“The human capacity for burden is like bamboo – far more flexible than you’d ever believe at first glance.” – Jodi Picoult
You may think you’re not very resilient.
The word “resilient” might bring to mind all of the struggles and setbacks that have plagued you in your life. You might be thinking about how hard it is to recover from some of the worst ones. You may be thinking “I’m not resilient at all – just look at how often I’ve struggled to get back up!”
If you’re thinking any of this, then you are probably one of the most resilient people.
You have suffered, you have struggled, you have waded through a seemingly unstoppable tide of difficulty – and you have survived.
We tend to think of resilient people as those who are unaffected by the challenges of life, who take a setback with a smile and laugh in the face of their obstacles. But this is not resilience.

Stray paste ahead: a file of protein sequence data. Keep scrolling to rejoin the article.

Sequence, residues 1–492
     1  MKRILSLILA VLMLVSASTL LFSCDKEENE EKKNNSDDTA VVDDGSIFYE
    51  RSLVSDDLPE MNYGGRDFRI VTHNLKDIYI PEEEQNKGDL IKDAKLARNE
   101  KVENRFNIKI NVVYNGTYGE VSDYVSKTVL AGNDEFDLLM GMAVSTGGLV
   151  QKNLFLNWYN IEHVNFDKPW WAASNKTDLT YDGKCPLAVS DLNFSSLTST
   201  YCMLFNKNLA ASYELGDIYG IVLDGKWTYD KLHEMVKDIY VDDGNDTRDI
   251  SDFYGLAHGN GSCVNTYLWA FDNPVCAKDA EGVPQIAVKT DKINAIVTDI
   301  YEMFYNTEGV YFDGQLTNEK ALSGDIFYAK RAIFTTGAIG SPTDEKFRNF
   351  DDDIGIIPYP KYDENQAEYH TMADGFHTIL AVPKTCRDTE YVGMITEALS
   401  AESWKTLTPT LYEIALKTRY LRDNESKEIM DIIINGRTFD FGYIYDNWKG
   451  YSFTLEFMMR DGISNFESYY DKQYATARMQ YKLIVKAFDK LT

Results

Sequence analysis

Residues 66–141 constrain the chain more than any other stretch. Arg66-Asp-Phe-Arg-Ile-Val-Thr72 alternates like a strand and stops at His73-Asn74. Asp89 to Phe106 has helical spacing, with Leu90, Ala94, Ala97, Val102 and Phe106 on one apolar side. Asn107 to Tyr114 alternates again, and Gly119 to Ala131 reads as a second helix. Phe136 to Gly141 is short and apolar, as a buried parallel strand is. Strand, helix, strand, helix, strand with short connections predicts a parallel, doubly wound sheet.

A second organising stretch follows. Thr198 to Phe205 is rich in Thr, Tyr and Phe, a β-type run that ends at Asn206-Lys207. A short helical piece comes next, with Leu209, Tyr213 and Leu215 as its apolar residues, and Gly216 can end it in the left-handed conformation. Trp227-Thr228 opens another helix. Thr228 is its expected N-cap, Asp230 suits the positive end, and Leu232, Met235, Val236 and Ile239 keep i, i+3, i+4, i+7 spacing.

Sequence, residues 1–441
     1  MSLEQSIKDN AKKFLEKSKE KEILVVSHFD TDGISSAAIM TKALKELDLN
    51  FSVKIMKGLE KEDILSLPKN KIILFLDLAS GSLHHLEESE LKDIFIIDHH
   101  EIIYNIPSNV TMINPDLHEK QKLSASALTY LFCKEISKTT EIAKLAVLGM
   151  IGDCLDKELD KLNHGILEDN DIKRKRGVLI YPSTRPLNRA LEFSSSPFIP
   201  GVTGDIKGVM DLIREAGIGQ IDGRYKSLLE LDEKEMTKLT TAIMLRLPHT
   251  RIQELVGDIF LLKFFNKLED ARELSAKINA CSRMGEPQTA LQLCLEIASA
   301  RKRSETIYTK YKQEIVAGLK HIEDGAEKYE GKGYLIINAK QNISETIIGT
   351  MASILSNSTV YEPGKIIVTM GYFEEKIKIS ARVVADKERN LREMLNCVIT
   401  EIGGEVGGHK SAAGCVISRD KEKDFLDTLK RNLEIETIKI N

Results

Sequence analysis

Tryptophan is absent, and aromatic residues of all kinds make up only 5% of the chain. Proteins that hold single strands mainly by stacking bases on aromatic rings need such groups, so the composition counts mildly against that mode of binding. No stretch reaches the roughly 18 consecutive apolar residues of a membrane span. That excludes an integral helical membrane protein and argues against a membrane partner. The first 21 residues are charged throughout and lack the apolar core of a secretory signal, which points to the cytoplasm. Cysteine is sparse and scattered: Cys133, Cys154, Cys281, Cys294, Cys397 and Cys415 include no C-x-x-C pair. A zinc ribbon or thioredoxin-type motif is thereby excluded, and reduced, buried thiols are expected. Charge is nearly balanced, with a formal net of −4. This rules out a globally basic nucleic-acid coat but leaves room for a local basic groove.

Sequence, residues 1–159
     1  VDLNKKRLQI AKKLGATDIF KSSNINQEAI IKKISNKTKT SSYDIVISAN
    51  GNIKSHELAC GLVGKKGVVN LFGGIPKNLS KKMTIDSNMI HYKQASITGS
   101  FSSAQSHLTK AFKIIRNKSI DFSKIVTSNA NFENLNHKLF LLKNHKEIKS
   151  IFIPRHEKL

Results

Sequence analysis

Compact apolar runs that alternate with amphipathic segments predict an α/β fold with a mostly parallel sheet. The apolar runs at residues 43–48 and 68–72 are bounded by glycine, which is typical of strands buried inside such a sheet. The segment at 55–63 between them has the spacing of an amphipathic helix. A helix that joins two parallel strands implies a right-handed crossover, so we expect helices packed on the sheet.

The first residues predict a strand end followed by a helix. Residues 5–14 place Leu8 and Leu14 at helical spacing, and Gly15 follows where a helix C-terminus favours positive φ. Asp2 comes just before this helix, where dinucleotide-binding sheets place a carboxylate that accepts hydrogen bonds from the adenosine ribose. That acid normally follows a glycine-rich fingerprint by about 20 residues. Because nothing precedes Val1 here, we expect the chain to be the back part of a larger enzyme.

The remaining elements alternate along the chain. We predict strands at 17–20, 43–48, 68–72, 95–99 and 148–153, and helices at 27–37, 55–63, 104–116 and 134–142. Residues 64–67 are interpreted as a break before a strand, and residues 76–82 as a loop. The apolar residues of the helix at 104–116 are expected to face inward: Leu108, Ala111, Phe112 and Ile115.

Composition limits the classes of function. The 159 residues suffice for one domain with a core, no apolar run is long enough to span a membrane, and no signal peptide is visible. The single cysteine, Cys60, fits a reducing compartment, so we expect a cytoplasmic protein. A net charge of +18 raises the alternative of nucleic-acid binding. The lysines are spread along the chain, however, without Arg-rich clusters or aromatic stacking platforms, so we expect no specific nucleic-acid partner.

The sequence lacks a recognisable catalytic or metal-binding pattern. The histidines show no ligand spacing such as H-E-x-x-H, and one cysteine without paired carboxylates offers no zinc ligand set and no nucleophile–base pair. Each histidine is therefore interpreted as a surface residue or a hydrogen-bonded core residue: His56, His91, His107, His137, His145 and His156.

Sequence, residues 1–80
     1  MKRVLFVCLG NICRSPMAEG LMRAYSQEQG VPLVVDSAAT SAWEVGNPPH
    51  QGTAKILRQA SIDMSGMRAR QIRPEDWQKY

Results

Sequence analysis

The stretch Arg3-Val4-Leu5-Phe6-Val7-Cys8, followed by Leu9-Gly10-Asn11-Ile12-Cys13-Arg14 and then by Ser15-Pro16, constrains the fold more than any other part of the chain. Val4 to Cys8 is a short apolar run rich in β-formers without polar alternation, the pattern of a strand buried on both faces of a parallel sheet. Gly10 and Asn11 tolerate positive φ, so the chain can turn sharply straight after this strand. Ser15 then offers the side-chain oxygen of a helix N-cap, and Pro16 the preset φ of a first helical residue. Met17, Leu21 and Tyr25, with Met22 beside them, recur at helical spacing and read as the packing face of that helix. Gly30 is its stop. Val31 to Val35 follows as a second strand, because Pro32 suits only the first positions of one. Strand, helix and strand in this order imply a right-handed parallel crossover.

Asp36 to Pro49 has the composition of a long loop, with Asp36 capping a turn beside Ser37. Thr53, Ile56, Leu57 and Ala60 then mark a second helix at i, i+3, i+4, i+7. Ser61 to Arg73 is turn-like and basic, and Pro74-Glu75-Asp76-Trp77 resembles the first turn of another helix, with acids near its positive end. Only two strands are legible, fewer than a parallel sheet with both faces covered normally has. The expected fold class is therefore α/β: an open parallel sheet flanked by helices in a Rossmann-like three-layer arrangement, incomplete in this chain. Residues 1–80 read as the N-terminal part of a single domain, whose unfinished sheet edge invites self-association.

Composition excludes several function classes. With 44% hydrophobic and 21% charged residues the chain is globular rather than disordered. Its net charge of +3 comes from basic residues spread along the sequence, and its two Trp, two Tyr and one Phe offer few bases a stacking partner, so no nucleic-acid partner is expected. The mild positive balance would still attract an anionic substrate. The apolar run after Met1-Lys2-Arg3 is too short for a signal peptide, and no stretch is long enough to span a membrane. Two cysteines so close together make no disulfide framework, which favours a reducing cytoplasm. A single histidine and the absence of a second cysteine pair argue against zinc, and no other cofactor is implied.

This article contains:
- 4 Resilience Training Activities for Adults
- 4 Resilience Worksheets for Youth and Students
- 4 Resilience Building Games for Kids in Primary School
- 5 Exercises for Developing Resilience
- Integrating the Science of Resilience in Schools: 5 Lesson Plans
- Bonus: 5 Shame Resilience Theory (SRT) Exercises
- A Take Home Message
Resilience is not the absence of distress or difficulty. Resilience is the ability to adapt and grow following adversity.
The person who feels no emotional distress when difficulty arises is not displaying resilience. The person who fails miserably, feels intense negative emotions, and survives to try another day is displaying resilience.
Put simply, resilience is the ability to adapt when faced with difficulty, trauma, or tragedy. We all demonstrate resilience throughout our lives. While some people may be more resilient than others, resilience is not an immutable trait or characteristic that you either have or don’t have. Resilience is a learned ability, one that can be learned and built and developed by anyone.